Wearing a Kimono in Asakusa

Marisa Lewis
December 2, 2013

A view of the Senso-ji temple in the rain.

Last week, I went with a friend to Asakusa — a district in Tokyo famous for its temples and traditional goods. It is probably the most famous for the hosting the Buddhist Senso-ji temple, which is Tokyo’s oldest temple!  I had been there before previously on an IES-led tour of Tokyo, and I even watched a sumo match there! It really is a part of Tokyo that focuses heavily on Japanese tradition — the architecture, religion, and street food is all exclusively Japanese and has a history!

This is a Senso-ji lantern.

This time, though, I decided to indulge in another Japanese tradition: wearing a kimono! There are many businesses in Asakusa that allow you to wear a kimono and have your picture taken professionally in the temple  area for a price. Due to some connections, I was able to do this activity for a newer business that needed customer reviews… for free! You can imagine how happy I was.

This is me in my kimono!

The kimono I chose was one with sakura blossoms on it, and it was very beautiful! The friend who I set out with is Japanese, and she told me that this kimono photo shoot was something that many Japanese girls do. She was right — once we set out to take pictures, we spotted a few other girls getting their pictures taken in kimonos, all of whom were Japanese. I felt like I was taking part in tradition. Though we were mostly getting pictures taken, we also took some time to wash our hands with temple water, get our fortunes, and “taste the smoke” of the temple (which means wafting incense fumes towards your face).

The view from our rickshaw.

We also chose to ride a rickshaw through the streets of Asakusa. Though I had seen the temple and the main shopping destinations before, I hadn’t really seen other smaller areas. The rickshaw was able to take us towards areas full of quaint restaurants, small shops, and pretty alleys. It was a really great view!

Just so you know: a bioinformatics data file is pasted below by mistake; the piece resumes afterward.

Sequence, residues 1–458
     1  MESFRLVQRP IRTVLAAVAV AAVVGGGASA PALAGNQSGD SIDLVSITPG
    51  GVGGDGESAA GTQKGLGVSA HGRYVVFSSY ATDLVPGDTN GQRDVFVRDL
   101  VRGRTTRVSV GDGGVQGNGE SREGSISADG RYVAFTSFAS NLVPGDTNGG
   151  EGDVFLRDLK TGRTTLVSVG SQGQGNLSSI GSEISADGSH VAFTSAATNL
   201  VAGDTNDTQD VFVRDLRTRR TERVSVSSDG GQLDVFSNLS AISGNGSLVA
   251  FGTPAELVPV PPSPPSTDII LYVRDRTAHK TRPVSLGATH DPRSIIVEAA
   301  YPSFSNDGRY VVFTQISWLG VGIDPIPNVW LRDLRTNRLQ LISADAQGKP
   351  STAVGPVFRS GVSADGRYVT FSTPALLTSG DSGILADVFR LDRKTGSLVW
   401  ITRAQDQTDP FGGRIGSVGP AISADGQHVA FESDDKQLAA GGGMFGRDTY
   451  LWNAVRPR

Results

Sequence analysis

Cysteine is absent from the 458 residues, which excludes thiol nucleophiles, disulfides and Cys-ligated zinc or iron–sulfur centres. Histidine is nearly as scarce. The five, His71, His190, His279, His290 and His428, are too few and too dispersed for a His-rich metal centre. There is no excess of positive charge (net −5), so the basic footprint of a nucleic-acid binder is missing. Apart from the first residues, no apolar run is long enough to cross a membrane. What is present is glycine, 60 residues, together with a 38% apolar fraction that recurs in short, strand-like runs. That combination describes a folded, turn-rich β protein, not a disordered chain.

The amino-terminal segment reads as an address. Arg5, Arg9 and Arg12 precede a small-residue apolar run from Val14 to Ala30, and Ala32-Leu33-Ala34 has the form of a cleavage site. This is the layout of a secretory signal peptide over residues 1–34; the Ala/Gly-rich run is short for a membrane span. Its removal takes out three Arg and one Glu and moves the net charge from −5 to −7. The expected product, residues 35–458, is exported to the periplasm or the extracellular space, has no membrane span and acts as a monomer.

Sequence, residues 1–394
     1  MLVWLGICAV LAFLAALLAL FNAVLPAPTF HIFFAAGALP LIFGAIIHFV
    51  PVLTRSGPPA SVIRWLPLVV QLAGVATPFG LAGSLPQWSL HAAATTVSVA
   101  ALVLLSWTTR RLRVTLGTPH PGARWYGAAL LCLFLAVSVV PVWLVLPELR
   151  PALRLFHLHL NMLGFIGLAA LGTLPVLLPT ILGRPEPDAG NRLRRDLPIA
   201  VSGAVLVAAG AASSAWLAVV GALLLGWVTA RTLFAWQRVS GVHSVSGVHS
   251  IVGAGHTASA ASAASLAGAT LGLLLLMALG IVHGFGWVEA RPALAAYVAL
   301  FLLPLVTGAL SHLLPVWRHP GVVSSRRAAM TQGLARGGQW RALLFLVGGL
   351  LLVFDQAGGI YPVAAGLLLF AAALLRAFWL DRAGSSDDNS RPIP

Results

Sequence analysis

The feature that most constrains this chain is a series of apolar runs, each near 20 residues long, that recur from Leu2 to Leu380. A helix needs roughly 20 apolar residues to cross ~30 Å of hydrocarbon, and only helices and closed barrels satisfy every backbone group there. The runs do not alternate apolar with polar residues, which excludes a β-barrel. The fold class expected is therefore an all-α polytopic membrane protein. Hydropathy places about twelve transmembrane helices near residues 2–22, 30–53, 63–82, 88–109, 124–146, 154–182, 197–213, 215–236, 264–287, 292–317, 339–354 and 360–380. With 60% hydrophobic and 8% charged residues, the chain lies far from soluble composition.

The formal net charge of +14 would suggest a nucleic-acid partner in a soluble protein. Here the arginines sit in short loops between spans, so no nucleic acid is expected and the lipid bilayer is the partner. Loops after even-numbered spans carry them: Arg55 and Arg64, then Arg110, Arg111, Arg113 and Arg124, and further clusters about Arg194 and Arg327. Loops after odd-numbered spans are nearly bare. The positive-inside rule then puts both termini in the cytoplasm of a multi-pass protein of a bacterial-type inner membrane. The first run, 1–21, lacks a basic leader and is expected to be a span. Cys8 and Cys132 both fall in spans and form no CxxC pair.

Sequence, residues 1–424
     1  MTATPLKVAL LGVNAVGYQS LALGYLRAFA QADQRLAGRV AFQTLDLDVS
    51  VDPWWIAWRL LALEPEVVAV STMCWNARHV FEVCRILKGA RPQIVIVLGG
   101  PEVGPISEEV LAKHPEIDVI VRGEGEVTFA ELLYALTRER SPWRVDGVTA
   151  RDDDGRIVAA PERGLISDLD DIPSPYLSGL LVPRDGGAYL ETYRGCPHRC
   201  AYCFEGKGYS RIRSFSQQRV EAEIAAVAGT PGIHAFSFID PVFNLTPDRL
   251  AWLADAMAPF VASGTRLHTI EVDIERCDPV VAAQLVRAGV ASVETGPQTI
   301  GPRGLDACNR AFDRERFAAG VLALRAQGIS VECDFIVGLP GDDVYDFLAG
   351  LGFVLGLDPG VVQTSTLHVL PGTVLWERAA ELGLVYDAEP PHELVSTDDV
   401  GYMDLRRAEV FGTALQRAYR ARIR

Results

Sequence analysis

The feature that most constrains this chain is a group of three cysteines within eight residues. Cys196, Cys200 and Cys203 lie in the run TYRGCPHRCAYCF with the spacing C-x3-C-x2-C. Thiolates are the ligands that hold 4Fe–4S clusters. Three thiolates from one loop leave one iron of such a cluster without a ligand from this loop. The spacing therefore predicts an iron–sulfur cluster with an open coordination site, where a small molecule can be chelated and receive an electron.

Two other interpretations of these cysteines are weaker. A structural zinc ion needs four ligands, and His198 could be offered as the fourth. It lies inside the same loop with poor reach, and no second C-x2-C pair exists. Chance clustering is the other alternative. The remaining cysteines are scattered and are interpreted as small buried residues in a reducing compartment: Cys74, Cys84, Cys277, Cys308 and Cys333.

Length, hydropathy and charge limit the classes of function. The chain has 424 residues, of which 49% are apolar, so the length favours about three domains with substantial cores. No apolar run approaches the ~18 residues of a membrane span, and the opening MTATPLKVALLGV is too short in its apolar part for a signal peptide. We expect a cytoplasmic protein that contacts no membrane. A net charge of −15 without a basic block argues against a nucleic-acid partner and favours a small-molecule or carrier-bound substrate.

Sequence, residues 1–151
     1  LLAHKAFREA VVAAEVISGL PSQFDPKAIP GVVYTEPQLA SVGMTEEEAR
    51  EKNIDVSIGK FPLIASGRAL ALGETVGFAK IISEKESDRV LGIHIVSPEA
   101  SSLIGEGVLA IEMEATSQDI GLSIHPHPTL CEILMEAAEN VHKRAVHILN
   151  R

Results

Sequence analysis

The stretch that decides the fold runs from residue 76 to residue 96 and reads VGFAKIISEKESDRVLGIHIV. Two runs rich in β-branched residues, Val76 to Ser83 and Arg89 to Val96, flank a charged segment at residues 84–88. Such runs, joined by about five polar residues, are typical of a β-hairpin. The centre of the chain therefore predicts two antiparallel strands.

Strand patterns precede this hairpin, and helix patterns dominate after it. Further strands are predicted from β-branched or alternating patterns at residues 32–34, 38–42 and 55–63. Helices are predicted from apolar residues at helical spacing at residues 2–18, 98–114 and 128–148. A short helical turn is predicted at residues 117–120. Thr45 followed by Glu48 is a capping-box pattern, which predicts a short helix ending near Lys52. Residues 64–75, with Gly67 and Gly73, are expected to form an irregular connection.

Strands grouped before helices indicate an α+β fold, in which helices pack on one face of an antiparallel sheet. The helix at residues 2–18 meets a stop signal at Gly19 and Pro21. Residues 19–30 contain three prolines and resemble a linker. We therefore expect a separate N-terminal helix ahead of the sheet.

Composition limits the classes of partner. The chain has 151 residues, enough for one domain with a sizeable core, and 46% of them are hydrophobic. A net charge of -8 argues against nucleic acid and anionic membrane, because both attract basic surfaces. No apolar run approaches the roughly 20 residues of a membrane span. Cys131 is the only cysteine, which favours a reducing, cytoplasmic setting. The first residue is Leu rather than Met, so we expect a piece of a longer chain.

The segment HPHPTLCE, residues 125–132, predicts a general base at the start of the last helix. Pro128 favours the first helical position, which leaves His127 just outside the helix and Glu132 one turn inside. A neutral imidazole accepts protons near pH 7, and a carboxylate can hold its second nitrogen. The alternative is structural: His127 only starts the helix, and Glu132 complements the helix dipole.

Swords are another popular selling point in Asakusa.

After riding the rickshaw, we took some time to go eat lunch back near the main shopping area. There is an entire street full of street food and traditional merchandise such as fans and kimonos. We ate ice cream and fried chicken, and were asked by many tourists to take pictures with them! I felt like I sort of understood the meaning of paparazzi — I couldn’t even eat my lunch in peace! I didn’t mind too much, though. It was nice to feel like a celebrity for a day!

My friend and I took some time to pay our respects.

Overall, I had a great time and would recommend anyone visiting Japan to try on some traditional clothing, whether it be a men’s yukata or a kimono! Not only is it fun to do, it also gives you a feeling of having a unique cultural experience. I’m looking forward to more fun adventures while I’m here!


Marisa Lewis

<p><span style="color: rgb(29, 29, 29); font-family: Arial, Verdana, sans-serif; font-size: 12px; line-height: normal; background-color: rgb(237, 237, 237);">Hello! My name is Marisa Lewis, and I am an East Asian International Relations Major/East Asian Studies Minor at the University of Virginia. I&rsquo;m originally from Alexandria, Virginia (though I&rsquo;ve got a lot of family in Thailand as well) and am super excited to be traveling to Japan! I&rsquo;ve only ever been to the Japanese airport before &ndash; their toilets are awesome, by the way &ndash; and have always wanted to experience Japanese culture ever since I first started watching Pokémon as a kid. Don&rsquo;t lie. You watched it, too! In my spare time I love to read, write short stories, bake, listen to music, and have adventures. I am looking forward to making new friends, stocking up on Japanese sweets, and experiencing all that Japan has to offer! But more importantly, stocking up on Japanese sweets. Where my mochi at?</span></p>

2013 Fall
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University of Virginia
International Relations
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